New MIT heat treatment could advance the 3D printing of energy-efficient turbine blades

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Researchers at the Massachusetts Institute of Technology (MIT) have developed a heat treatment that allows 3D printed metals to withstand prolonged exposure to extreme temperatures. 

The MIT engineers’ metal 3D printing workflow involves introducing an extra heat-treating step, which transforms a material’s fine grains into larger, more heat-resilient ‘columnar’ ones. In practice, it’s thought the technique could be used to develop more fuel and energy-efficient 3D printed blades, as well as vanes for power-generating gas turbines or jet engines. 

“In the near future, we envision gas turbine manufacturers will print their blades and vanes at large-scale additive manufacturing plants, then post-process them using our heat treatment,” says Zachary Cordero, a Boeing Career Development Professor in Aeronautics and Astronautics at MIT. “3D printing will enable new cooling architectures that can improve the thermal efficiency of a turbine, so that it produces the same amount of power while burning less fuel and ultimately emits less carbon dioxide.”

One of the MIT team's heat treatment experiments. Photo via MIT.
One of the MIT team’s heat treatment experiments. Photo via MIT.

An MIT heat-treating alternative 

Many gas turbine blades are currently manufactured via conventional casting, a process in which molten metal is poured into a complex mold before being solidified into a desired shape. As such parts are designed to rotate at high speeds in hot gas, while working to generate electricity in power plants or thrust in engines, they need to be created from the most heat-resistant alloys around. 

Those seeking to advance turbine blade technology have increasingly tried to manufacture them via 3D printing, in a way that enables the realization of intricate, energy-efficient blade geometries. However, metal deformation or ‘creep’ upon consistent exposure to mechanical stress or high temperatures, continues to be a barrier to adopting this approach. 

Considering that additive manufacturing turbine blades causes them to feature fine grains in the order of tens to hundreds of microns in size, they’re also particularly vulnerable to such deformation. According to Cordero, creep can effectively shorten the service life and fuel efficiency of the gas turbines they’re fitted to, and their failure has the potential to trigger “costly, undesirable outcomes.”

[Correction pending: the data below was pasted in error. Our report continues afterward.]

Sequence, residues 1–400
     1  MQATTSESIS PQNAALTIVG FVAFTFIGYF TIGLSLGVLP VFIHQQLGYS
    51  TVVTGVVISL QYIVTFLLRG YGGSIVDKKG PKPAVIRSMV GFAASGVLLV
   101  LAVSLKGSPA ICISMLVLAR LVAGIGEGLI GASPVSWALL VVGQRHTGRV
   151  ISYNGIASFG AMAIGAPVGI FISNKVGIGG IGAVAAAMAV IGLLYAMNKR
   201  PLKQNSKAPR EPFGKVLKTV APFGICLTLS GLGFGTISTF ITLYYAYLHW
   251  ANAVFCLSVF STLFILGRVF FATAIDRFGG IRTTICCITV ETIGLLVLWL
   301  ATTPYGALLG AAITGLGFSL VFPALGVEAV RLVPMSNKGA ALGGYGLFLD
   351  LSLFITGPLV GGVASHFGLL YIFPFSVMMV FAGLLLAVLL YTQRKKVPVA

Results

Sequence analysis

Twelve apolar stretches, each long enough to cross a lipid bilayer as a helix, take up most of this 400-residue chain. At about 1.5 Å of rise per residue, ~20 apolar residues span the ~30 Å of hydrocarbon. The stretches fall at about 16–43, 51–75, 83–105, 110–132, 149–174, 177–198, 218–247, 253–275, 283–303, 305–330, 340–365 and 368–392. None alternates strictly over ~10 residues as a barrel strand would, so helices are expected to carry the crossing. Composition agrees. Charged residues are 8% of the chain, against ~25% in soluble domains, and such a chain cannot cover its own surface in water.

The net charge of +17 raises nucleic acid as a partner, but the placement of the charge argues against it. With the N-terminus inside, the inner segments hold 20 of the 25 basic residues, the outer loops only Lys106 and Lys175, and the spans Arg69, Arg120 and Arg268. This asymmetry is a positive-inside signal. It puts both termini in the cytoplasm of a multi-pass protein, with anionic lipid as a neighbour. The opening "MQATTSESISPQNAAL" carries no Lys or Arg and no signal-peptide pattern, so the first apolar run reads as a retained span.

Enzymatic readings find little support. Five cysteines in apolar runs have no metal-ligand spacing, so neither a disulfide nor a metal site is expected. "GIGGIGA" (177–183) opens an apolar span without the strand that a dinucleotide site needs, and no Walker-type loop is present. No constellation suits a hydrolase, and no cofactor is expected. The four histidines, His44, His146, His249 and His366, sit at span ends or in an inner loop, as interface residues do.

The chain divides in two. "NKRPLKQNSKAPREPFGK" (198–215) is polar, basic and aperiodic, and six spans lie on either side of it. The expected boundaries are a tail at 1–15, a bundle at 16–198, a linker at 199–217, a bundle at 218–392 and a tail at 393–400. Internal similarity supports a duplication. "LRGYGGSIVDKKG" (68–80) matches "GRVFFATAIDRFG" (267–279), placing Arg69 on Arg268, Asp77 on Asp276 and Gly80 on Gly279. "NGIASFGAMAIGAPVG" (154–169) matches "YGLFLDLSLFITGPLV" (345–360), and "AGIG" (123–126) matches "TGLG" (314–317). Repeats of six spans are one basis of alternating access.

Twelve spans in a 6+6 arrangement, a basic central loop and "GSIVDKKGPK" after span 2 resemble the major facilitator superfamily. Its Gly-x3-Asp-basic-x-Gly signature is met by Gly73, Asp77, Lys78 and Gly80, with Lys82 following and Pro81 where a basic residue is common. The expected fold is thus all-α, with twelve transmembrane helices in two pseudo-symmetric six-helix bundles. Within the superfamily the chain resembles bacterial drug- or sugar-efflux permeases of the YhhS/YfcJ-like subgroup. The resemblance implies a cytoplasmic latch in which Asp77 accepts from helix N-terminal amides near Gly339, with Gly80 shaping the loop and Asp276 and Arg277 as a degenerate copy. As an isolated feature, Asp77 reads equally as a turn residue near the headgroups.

Turbine blades heading for Block Island offshore wind farm.
Turbine blades heading for an offshore wind farm. Photo via LM Wind Power.

To get around these issues, Cordero and his MIT team have uncovered a way of improving the structure of 3D printed alloys by adding an additional heat-treating step. This ‘directional crystallization’ process effectively turns a material’s grains into a sturdier microstructure that minimizes creep potential, by organizing them into more uniform columns that are aligned with the axis of greatest stress.

Initially, the researchers tested their approach on nickel-based superalloys, the likes of which are often used to cast turbine blades. Through a series of tests, the engineers found that pulling a rod-shaped alloy out of water and through an induction coil at a speed of 2.5mm per second at 1,235°C, yielded the ideal structural change needed to reinforce parts. 

Having proven their concept, Cordero and his colleagues now plan to experiment with using it to produce structures that more closely resemble turbine blades, with the ultimate goal of developing complex builds with industrial applications. 

“New blade and vane geometries will enable more energy-efficient land-based gas turbines, as well as, eventually, aeroengines,” adds Cordero. “This could from a baseline perspective lead to lower carbon dioxide emissions, just through improved efficiency of these devices.”

Optomec's LENS 3D printing technology in-action.
Optomec’s LENS 3D printing technology during production. Photo via Optomec.

3D printing in turbine blade repair 

Developing new ways of not only producing but repairing turbine blades continues to be a focus in both the energy and aerospace sectors, with many turning to 3D printing as a potential tool for achieving this. Just last year, Optomec was awarded $500,000 to develop a set of optimized 3D printing parameters for the repair of the jet engine turbine blades found on the US Air Force’s fighter jets.

As part of a US Department of Energy project, GE Research has also previously signaled its intent to improve the way 3D printed wind turbine blades are manufactured. Working with GE Renewable Energy, LM Wind Power, the Oak Ridge National Laboratory and the National Renewable Energy Laboratory, the firm has worked to increase the competitiveness of onshore and offshore wind energy.

Likewise, Siemens Energy has developed its own workflow for 3D printing new features onto gas turbine blades. This fully automated process chain makes use of a specially-developed laser powder bed fusion process called ‘HybridTech,’ to upgrade existing parts with features like intricate cooling channels to alleviate any risk of cracks and defects.

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Featured image shows one of the MIT team’s heat treatment experiments. Photo via MIT.